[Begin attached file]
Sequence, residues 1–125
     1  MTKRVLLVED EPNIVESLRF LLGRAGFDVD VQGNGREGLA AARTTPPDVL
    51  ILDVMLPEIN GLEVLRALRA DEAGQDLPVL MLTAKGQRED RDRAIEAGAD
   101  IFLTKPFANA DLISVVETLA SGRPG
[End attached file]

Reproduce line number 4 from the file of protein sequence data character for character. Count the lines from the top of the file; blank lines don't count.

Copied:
   101  IFLTKPFANA DLISVVETLA SGRPG